Considering a pattern with *α*=2*π*/9, *β*=2*π*/9, and taking *ϕ*_{1} as an input, the variations of other dihedral angles at vertex **W** with respect to *ϕ*_{1} are plotted in figure 3*a*. There are two paths with the same starting point (*π*,*π*) and ending point (0,0): *path I* based on equations (2.5a–*e*) and *path II* on equations (2.6a–*f*). It indicates that vertex **W** can be folded compactly along two different paths. Yet for vertex **D**, with *φ*_{1}=*φ*_{4}=*ϕ*_{1}, there is only one path (figure 3*b*). Therefore, in general, the patterns with a large number of vertices **D** and **W** will fold in two different ways, from i, ii, iii, iv to v, or from i, viii, vii, vi to v, as demonstrated in figure 3*c*.

There are a few special cases of the waterbomb pattern which are most interesting. First, when *α*+*β*=*π*/2, creases along *z*_{2} and *z*_{6} at vertex **W** shown in figure 2*c* become collinear. As a result, they fold together like a single crease. *Path I*, given by equation (2.5), breaks down into two straight lines. A particular case with *α*=*β*=*π*/4 is shown in figure 4. At the first folding stage, *ϕ*_{2} (and *ϕ*_{6}) starts from *π* and finishes at 0 from i, xi, x to ix, whereas *ϕ*_{1}, *ϕ*_{3}, *ϕ*_{4} and *ϕ*_{5} remain to be *π*, then *ϕ*_{2} (and *ϕ*_{6}) is kept at constant 0 and *ϕ*_{1}, *ϕ*_{3}, *ϕ*_{4} and *ϕ*_{5} change from *π* to 0 along ix, viii, vii, vi and v. Both reach the compactly folded configuration. At the latter stage, vertex **W** behaves like a spherical 4*R* linkage, because *ϕ*_{2} and *ϕ*_{6} are frozen. The movement around vertex **W** will drive vertex **D** to move accordingly.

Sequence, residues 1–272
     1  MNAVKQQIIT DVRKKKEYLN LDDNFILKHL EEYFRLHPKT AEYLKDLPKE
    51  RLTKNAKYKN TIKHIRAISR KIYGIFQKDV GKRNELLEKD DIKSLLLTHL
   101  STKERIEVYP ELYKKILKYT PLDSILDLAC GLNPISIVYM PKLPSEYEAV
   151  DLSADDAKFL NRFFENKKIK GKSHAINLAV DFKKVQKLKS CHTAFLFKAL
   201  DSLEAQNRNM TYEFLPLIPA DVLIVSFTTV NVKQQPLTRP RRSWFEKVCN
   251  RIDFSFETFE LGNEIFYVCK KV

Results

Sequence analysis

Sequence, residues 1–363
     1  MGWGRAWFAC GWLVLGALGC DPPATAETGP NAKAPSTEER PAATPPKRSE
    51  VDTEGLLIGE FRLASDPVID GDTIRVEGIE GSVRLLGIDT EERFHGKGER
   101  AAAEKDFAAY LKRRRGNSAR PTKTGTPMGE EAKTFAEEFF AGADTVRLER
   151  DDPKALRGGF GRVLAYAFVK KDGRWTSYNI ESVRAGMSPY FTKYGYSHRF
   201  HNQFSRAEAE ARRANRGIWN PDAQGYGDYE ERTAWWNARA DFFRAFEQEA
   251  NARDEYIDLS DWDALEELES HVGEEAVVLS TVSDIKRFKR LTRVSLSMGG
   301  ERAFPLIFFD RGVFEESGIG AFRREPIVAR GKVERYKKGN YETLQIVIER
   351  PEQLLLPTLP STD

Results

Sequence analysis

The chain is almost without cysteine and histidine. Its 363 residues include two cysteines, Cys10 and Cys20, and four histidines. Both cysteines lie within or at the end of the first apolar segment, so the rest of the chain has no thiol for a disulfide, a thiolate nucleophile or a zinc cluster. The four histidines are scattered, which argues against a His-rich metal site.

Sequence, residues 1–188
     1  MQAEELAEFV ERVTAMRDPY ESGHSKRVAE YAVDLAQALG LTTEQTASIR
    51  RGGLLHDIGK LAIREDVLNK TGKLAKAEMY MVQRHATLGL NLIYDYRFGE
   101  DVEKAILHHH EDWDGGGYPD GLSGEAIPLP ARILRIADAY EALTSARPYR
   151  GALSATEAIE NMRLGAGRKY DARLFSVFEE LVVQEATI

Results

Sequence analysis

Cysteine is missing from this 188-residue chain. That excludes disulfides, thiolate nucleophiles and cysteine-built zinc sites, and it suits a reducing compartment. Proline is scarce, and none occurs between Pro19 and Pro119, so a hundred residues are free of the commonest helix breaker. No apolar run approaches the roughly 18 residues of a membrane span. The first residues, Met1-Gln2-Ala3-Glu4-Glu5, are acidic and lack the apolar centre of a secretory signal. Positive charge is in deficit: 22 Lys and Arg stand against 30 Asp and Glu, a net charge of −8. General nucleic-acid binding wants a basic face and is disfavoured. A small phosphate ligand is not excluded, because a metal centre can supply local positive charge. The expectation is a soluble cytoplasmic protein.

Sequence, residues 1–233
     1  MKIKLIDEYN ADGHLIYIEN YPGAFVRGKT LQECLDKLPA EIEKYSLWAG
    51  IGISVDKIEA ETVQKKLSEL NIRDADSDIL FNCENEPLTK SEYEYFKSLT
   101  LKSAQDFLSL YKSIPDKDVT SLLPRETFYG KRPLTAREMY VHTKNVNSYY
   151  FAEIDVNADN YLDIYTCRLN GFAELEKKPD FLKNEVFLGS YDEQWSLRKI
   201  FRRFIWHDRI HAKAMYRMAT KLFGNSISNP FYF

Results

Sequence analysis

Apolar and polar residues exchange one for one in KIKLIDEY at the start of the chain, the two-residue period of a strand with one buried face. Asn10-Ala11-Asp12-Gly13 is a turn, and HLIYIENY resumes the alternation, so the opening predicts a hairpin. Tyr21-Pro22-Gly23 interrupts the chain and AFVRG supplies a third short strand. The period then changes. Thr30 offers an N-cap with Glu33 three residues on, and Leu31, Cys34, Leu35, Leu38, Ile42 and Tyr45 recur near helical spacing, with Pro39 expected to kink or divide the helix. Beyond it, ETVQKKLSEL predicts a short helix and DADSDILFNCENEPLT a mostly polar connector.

Second, equations (2.5) or (2.6) could give negative dihedral angles, which indicates a blockage occurring during folding, because physically the dihedral angles cannot be less than zero. By analysing equation (2.5b), it can be found that for *path I* when *α*+*β*>*π*/2, *ϕ*_{2} is always negative except at points (0,0) and (*π*,*π*). So a blockage is always there. From equation (2.6c), it can be found that on *path II* when *α*≠*β*, a blockage will occur when

For example, when *α*=7*π*/36, *β*=*π*/4, the kinematic curve between *ϕ*_{4} and *ϕ*_{1} is shown in figure 5*a*, and the folding sequences are demonstrated in figure 5*b*. Along *path I*, the pattern can be folded from a sheet at i to fully folded configuration at vii, whereas along *path II*, the folding process terminates at iii. The framed configurations are physically impossible owing to blockage, because these configurations correspond to cases where *ϕ*_{4} becomes negative. Even if the penetrations were allowed, folding along *path II* would end up in a fully folded configuration at vi that differs from that at vii along *path I*.